Diagnostic assays for equine protozoal myeloencephalitis (EPM) developed under the leadership of Daniel Howe, PhD, a molecular parasitologist at the University of Kentucky Gluck Equine Research Center, are now available exclusively at Equine Diagnostic Solutions LLC (EDS).

The new diagnostic tests are quantitative enzyme-linked immunosorbent assays (ELISAs) based on multiple immunogenic proteins located on the surface of the Sarcocystis neurona parasite, which causes the neurologic disease EPM. Horses infected with S. neurona produce a vigorous antibody response to these parasite proteins, which can be accurately measured with the ELISAs.

"Recent studies have demonstrated the clinical utility of the new tests for the accurate diagnosis of EPM," Howe said. "Specifically, by using the ELISAs to compare the amount of antibody present in the serum versus the cerebrospinal fluid of a horse, it is now possible to achieve a much more reliable assessment of whether the horse is suffering from EPM."

Howe joined the faculty at the Gluck Center in 1999 and heads a research program focused on the molecular biology of S. neurona.

The research leading to the development of these assays was made possible by funds to Howe's laboratory from the Amerman Family Equine Research Endowment.

The development and validation of the diagnostic assays was a collaborative effort between Howe and Michelle Yeargan, research specialist at the Gluck Center; Martin Furr, DVM, PhD, Dipl. ACVIM, Adelaide C. Riggs chair in equine medicine at Virginia Tech; Steve Reed, DVM, Dipl. ACVIM, a world-renowned expert in equine neurologic diseases at Rood & Riddle Equine Hospital in Lexington; and Jennifer Morrow, PhD, and Amy Graves, MT(ASCP), at EDS.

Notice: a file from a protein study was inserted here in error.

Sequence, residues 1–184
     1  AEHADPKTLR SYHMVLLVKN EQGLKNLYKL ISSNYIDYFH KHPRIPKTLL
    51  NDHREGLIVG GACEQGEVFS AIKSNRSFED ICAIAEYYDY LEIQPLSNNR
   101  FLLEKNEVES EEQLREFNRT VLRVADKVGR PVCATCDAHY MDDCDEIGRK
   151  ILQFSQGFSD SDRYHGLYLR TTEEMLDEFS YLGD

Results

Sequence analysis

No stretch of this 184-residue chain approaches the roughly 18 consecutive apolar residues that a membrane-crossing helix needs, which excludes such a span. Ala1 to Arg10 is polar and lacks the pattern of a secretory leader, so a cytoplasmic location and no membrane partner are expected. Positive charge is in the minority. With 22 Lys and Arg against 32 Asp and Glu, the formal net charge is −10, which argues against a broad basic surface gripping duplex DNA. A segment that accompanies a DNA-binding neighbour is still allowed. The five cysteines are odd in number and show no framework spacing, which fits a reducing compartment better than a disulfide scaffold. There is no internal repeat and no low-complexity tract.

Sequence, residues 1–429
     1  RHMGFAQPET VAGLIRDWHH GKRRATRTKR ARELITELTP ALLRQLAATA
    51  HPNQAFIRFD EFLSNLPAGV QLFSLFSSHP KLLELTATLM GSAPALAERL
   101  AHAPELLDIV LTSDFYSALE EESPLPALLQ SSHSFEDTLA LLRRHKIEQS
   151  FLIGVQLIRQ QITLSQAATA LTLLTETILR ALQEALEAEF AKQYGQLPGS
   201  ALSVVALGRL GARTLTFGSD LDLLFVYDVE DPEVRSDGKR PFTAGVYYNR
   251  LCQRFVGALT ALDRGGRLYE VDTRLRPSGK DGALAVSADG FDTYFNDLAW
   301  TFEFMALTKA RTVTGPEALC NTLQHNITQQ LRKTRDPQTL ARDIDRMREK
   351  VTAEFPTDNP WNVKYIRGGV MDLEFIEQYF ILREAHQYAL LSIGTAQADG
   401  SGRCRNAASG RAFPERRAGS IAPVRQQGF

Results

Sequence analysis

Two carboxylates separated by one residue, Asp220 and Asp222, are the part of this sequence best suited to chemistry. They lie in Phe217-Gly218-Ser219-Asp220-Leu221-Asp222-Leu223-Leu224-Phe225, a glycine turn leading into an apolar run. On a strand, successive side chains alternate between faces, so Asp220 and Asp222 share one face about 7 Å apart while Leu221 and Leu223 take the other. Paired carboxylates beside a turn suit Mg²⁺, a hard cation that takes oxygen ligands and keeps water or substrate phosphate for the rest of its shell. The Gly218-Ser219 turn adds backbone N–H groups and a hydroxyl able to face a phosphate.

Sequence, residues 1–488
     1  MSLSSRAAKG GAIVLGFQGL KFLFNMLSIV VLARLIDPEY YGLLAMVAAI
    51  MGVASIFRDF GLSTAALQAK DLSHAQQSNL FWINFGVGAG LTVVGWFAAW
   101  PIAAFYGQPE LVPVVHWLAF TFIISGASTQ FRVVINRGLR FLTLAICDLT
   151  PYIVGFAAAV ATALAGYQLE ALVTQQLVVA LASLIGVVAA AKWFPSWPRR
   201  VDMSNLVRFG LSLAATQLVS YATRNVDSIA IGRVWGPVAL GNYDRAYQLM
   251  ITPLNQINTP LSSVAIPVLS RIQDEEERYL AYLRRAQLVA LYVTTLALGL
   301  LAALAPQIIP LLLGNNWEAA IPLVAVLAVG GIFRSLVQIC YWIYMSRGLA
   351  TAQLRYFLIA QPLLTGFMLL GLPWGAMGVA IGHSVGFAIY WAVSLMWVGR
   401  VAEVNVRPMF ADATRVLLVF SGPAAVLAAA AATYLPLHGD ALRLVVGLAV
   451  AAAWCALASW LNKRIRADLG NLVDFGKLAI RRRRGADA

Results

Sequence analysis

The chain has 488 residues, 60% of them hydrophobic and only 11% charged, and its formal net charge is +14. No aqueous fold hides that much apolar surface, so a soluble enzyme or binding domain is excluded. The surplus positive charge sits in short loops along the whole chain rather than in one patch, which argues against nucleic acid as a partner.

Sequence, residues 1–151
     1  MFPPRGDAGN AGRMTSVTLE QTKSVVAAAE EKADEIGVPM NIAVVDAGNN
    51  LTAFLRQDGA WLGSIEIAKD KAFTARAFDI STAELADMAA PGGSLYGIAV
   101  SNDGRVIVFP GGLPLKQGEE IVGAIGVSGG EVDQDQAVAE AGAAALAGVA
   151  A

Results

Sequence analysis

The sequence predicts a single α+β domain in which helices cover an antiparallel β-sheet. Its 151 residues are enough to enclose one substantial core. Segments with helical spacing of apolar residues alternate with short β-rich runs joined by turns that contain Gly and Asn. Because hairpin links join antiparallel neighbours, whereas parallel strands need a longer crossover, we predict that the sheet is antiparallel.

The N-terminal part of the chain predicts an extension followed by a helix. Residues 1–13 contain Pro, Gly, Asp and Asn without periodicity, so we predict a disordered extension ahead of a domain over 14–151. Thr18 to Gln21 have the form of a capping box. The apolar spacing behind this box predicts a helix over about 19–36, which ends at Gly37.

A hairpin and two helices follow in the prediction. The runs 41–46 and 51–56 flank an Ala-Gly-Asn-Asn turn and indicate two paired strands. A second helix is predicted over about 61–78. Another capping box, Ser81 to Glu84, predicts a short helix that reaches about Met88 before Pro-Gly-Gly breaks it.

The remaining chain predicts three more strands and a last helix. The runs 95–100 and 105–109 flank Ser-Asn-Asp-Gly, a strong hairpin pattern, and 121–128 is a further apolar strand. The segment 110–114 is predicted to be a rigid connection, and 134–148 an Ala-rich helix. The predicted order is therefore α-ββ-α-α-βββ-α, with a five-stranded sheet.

The exclusive rights to the second-generation diagnostic tests for EPM were obtained by EDS in January.

EDS, which opened in August 2009, is a new diagnostics laboratory located on the Coldstream Research Campus of the University of Kentucky. It was opened by Morrow and Graves, who were previously the principal scientists of Equine Biodiagnostics Inc. (EBI), which was founded in 1996 through Kentucky Technologies Inc. (KTI) and based on groundbreaking EPM research by David Granstrom, DVM, PhD, Howe's predecessor at the Gluck Center.

For more information, contact Howe at 859/218-1113 or Morrow at 859/288-5255. For more information on Howe's laboratory, visit www.ca.uky.edu/gluck/HoweDK.asp, or for more information on EDS, visit www.equinediagnosticsolutions.com.

Daniel Howe, PhD, is a molecular parasitologist at the Gluck Equine Research Center. Jenny Blandford is the Gluck Equine Research Foundation assistant at the Gluck Center.


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